My Dad taught me the importance of keeping the “end in mind” when managing time. As a result, I pause and think before accepting an invitation. In business school, a friend teased me about this habit, but it was rooted in an understanding of my calendar and my process for getting my reading and work in.[1] With clear priorities and goals, having approaches for saying “no” with respect and rigor keeps your time properly allocated.

No is a resource allocation tool to meet your goals.

However, choosing “no” differs from saying “no.” There are many ways to get the message across. We have options in how we communicate choices. Remember the goal: get to where you want to be, whether at home writing or in bed sleeping or pumping iron at the gym. Just begin with the end in mind.

Three Ways to Say No

  • Leverage the calendar. The calendar documents commitments and obligations. For me, things that don’t make the calendar, whether a workout or deadline or date night, don’t really exist. With an invite, using a calendar provides a reliable, respected, and repeatable process. 
    • “Let me check the date on our calendar and get back to you…”
    • “I would love to help, but I…am booked that day…have a deadline…made a commitment.”
  • Have a policy. For example, at Forisk, we only consult with firms that subscribe to our research. Having clear rules provides clarity and simplicity, and most folks and firms respect this.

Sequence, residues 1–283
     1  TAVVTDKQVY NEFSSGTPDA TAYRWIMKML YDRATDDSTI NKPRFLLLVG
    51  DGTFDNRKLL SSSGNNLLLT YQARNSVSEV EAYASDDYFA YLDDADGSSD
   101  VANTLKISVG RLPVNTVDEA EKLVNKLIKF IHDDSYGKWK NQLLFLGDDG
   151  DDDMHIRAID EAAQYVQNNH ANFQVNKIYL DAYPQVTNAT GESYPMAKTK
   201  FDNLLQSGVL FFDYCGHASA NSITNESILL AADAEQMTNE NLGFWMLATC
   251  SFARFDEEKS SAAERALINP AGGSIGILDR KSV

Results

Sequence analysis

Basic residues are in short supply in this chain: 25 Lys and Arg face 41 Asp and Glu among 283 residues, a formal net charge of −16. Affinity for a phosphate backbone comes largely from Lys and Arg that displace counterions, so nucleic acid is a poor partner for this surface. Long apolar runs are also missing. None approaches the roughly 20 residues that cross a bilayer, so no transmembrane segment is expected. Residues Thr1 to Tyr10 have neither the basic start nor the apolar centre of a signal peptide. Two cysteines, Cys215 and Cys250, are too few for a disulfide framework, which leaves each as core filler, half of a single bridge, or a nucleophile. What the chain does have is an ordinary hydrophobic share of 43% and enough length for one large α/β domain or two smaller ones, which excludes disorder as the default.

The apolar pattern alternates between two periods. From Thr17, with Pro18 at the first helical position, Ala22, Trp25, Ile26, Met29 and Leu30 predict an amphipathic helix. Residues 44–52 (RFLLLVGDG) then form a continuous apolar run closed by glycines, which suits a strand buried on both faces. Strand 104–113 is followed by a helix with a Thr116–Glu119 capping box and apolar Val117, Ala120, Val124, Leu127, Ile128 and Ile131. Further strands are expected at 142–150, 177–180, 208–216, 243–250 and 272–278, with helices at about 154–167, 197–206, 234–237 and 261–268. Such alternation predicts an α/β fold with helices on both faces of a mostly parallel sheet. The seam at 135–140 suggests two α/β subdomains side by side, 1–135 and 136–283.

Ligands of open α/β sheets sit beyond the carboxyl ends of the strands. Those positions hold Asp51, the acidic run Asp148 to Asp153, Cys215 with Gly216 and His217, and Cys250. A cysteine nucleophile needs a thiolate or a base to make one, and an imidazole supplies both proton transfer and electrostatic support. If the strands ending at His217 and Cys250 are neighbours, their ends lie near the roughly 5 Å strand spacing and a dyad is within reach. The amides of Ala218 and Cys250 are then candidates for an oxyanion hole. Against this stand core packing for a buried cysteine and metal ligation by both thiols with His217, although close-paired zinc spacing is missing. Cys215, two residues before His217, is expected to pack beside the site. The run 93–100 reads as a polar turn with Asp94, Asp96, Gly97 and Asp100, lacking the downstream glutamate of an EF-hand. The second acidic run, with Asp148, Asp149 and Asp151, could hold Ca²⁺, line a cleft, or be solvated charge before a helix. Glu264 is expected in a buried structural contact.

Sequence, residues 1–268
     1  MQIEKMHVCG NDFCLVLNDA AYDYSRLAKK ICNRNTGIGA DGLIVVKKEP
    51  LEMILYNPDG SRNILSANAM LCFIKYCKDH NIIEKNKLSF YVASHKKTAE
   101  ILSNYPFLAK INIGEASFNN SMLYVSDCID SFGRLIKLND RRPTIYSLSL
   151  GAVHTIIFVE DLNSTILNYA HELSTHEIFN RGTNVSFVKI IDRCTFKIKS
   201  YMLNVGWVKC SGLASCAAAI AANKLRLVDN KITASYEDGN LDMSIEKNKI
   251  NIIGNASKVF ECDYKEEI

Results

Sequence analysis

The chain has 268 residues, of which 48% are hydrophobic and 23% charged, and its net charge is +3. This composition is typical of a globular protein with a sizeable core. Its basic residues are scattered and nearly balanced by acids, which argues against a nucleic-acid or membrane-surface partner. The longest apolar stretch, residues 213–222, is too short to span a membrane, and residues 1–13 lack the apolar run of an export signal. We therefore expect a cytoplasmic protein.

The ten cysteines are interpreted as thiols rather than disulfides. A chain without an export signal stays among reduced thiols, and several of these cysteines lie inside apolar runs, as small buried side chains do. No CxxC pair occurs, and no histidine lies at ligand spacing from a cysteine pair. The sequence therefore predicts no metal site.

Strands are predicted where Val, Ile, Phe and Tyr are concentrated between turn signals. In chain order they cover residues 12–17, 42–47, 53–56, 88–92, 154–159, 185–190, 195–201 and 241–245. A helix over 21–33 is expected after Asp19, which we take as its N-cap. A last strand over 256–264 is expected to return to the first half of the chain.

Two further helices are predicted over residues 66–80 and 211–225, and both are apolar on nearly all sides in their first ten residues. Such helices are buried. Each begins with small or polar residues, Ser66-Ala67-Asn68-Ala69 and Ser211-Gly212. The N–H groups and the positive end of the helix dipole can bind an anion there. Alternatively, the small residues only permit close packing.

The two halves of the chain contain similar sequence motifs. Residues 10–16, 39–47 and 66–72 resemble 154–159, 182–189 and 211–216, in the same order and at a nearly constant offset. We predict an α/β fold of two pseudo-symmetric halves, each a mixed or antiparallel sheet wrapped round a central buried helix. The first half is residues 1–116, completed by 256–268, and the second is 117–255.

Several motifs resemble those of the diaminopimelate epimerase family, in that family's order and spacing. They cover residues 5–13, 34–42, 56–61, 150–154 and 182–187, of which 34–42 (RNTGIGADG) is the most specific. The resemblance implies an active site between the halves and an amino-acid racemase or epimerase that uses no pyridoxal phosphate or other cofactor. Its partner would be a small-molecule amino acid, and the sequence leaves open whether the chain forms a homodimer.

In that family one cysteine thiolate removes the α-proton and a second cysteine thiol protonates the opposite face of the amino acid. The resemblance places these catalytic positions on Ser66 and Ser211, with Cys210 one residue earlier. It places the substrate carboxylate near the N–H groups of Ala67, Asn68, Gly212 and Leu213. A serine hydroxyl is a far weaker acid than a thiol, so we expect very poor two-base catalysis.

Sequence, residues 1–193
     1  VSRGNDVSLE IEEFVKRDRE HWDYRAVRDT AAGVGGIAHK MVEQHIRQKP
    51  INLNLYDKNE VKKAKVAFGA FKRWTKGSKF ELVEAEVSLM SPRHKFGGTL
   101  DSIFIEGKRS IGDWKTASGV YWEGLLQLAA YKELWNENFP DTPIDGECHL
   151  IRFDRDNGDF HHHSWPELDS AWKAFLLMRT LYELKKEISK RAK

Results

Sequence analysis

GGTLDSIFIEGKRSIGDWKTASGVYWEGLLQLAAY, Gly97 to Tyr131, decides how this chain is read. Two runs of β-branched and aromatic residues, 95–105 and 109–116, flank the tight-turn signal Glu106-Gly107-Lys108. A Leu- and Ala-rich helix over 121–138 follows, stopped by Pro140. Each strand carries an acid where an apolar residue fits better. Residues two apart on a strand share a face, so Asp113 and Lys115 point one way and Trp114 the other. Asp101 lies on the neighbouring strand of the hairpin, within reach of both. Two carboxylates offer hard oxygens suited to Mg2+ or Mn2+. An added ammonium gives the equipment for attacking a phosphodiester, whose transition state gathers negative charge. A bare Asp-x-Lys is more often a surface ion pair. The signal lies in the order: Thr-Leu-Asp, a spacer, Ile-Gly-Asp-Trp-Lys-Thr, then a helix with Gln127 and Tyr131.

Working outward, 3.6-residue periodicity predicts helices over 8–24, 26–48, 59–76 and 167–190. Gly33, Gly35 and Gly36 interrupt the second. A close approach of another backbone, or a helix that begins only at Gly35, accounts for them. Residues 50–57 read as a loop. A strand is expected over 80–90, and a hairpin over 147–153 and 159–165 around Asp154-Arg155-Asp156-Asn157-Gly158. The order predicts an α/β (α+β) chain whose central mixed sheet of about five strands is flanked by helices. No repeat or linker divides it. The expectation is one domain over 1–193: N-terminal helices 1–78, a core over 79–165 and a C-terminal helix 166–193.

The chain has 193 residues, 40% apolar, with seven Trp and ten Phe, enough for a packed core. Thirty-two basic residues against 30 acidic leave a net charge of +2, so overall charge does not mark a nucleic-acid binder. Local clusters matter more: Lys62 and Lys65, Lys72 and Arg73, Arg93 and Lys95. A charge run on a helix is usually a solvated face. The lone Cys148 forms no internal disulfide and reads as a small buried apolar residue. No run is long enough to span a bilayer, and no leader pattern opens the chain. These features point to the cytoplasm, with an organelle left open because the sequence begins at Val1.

• “That’s past my 9pm bedtime.”
    • “We don’t work on Saturdays.” 
  • Leave the decision with someone else. Typically, we do not operate in vacuums.
    • “My coach…wife…boss…astrologer sets the schedule. Let me check in and get back to you…”

Keep It Simple

Avoid detailed reasons or rambling. Thank the person for the invite, say you’re unable to make it and move on. “Thank you and good luck. Hope the event is a great success!” And you mean that. Be polite; avoid abruptness. It’s simply an offer to respectfully decline because it does not fit with your schedule (and your schedule is set by your priorities, in advance, but you don’t need to get into that story….)

If you want, offer an alternative, which can also create an opportunity for someone else. “Hey, I can’t make this, but Phil on our team would be great for this. If okay with you, let me check with him on his availability…” This can help everyone, as Phil may really appreciate this, too.


Know your priorities. Use a calendar. Grow the ability to say “no” with grace and integrity. Having reliable and respectful ways to say decline invitations saves time, maintains relationships, and keeps you on track. 

“People are effective because they say ‘no,’ because they say, ‘this isn’t for me.’”

Peter Drucker

[1] I HATE going back on obligations, so it was a defensive mechanism, as well.